I’d like to say I was just about to take my first bite of Publix fried chicken (it’s the best), when ‘he’ walked in. I’d like to say I was two bites into my blackened tilapia over balsamic rice with a homemade béarnaise sauce, when ‘she’ walked in. But, like George Washington, I cannot tell a lie. In reality, I was almost finished with my homemade BBQ baked potato when no one walked in. I finished eating my entire lunch without a single interruption. That happened yesterday as well, and the day before that too.
I know I share with so many others, the sheer joy of being able to actually reopen our brick and mortar stores again, and start wading into whatever awaits all of us. But, how in the world do we make plans for the months and years ahead? I’m actually pretty lucky in that respect because I’m the worst business planner in the history of business planning. I’ve pretty much just flown by the seat of my pants for decades, and I usually look forward, not backwards. That, and I suck at planning business stuff. Heck, let me prove it.
If you were to ask me what the ‘next big thing’ was going to be, my answer would be; “On my bench, broken, about 6 months after it was purchased.”
If anyone was to ask me, ‘what’s hot’, I’d say, “That piece of a shank that flew out of the ring I was sizing and landed in my hair.” By the way, it stunk up the whole store.
Operating a brick and mortar retail business in a post pandemic environment will have its upsides as well. Who, besides me, is looking forward to talking to people through un-fogged glasses again? Imagine looking through fogless lenses again, and being able to clearly see the person standing on the other side of your showcase. And, that person being able to clearly see you!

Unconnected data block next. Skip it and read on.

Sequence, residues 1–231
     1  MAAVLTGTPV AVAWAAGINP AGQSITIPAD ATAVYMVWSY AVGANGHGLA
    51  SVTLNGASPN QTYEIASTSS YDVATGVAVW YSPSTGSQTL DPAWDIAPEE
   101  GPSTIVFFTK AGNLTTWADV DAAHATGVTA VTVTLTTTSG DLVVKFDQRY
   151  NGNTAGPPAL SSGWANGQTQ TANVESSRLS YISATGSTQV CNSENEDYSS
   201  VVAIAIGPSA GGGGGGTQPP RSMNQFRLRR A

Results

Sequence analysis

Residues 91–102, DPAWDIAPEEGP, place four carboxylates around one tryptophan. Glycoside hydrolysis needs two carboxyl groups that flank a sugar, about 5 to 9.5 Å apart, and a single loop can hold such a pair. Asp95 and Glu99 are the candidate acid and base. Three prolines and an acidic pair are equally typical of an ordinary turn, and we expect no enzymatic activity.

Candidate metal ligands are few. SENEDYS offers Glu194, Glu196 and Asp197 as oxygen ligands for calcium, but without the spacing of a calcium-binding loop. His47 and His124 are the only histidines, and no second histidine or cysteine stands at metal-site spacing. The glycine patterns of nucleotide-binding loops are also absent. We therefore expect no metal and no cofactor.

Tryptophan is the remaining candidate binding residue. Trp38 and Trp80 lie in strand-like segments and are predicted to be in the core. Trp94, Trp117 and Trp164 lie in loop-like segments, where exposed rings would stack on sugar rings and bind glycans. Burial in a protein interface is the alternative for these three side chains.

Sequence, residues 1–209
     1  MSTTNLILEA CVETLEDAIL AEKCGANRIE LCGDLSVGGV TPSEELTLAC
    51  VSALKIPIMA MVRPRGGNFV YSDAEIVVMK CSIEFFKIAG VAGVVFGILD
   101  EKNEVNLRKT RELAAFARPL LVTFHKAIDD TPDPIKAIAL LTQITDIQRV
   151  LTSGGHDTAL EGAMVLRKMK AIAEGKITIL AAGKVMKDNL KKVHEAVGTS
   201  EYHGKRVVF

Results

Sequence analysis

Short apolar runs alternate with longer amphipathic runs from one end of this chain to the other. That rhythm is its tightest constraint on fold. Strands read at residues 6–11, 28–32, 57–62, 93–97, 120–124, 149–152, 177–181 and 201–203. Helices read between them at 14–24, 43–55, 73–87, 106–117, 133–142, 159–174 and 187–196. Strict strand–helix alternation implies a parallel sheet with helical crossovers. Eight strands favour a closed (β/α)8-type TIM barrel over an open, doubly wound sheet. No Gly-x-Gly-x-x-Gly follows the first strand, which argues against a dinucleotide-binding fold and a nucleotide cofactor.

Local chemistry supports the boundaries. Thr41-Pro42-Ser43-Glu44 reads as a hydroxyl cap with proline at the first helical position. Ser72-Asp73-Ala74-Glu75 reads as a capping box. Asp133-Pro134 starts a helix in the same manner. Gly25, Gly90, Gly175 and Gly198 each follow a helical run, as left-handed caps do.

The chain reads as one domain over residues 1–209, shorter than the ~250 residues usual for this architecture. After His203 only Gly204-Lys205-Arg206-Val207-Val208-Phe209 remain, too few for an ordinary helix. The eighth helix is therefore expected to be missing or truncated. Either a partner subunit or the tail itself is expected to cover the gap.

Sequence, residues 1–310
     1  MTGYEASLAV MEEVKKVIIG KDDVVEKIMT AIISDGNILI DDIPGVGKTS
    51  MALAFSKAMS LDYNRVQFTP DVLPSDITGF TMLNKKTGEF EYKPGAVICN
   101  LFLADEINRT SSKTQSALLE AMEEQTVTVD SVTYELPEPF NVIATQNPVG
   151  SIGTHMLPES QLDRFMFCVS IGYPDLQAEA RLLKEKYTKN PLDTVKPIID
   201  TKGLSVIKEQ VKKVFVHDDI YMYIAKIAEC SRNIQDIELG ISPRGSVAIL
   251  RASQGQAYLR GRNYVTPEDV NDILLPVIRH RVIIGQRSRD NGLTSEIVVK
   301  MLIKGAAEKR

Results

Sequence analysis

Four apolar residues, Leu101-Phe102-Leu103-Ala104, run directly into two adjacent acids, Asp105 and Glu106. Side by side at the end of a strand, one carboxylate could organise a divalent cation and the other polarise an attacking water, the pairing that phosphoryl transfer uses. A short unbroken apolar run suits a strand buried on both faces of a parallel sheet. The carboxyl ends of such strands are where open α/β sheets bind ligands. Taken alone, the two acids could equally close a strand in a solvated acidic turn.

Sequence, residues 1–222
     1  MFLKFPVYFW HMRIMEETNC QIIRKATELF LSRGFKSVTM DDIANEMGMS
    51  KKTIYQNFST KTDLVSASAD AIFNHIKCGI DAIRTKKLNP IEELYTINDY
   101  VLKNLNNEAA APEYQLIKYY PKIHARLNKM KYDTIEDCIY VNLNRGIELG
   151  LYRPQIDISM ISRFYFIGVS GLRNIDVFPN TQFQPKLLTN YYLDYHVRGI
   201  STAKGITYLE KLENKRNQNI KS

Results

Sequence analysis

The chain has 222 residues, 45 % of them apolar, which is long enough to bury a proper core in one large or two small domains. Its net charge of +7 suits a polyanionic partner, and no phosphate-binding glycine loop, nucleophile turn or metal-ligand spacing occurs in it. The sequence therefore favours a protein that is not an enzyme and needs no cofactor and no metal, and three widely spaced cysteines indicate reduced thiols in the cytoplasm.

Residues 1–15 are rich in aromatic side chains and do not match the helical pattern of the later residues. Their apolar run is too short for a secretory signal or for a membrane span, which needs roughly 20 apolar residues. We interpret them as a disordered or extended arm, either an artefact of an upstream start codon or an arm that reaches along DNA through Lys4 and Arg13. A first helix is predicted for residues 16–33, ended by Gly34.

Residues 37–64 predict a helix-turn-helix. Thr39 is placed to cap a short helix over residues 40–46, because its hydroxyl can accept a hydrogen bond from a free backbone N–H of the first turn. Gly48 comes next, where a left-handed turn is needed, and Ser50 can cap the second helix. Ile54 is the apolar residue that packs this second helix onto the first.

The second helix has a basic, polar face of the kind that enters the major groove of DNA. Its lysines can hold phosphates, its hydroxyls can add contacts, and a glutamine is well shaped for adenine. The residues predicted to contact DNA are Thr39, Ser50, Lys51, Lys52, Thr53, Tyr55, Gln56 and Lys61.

Something we’re all going to have to contend with is what kind of incentives can we provide to get customers back inside our stores, and off of the ‘contactless’ internet? I’m thinking about doing a combination ‘storeroom clean-out/blowout sale’. I’ll give away one free bottle of hand sanitizer with any purchase over $100. One container of sanitizing wipes with any purchase of $250. And, if I get a real big spender in, a free roll of toilet paper with every purchase over $500. I mean seriously, how else are we going to free up all of that storage space that is currently full of all of the above items? Items we probably won’t need to horde for another 100 years.
I want to get rid of all of it now so my family won’t have to deal with it whenever I go to meet my maker. But, that brings up the topic we’re all wondering about; what do we do with all of that plexiglass?
If anyone is going to be sad about the end of the pandemic, it’s the plexiglass manufacturers. To be fair, plexiglass is a great product, but real glass is a far superior product for most applications where you need a hard, see-through product, like showcases, windshields, picture frames, and, of course, windows.
Plexiglass has always been a poor man’s window pane. But let a pandemic take over the world, and suddenly, plexiglass is ‘the’ virus vapor-shield of choice. But what do we do with it now? Can it be recycled? Can you take it back to the store you bought it from, like you do rechargeable batteries at the big box retailers, for recycling? Would they just throw it away like we would do? I honestly can’t think of anything I could use all of that plexiglass for now. Maybe I should make an outdoor shower and scare my neighbors?
As we start to roll into the spring, the pandemic is subsiding, and a return to normalcy is that light you can see at the end of the long tunnel we’ve all been in for a year now. And a regular life is about to be a reality. Well, there is one thing that I can’t believe, after decades in this industry, that I’m about to admit – in 2020, I put more alcohol on my hands than in my bloodstream!
Good luck everyone and stay safe.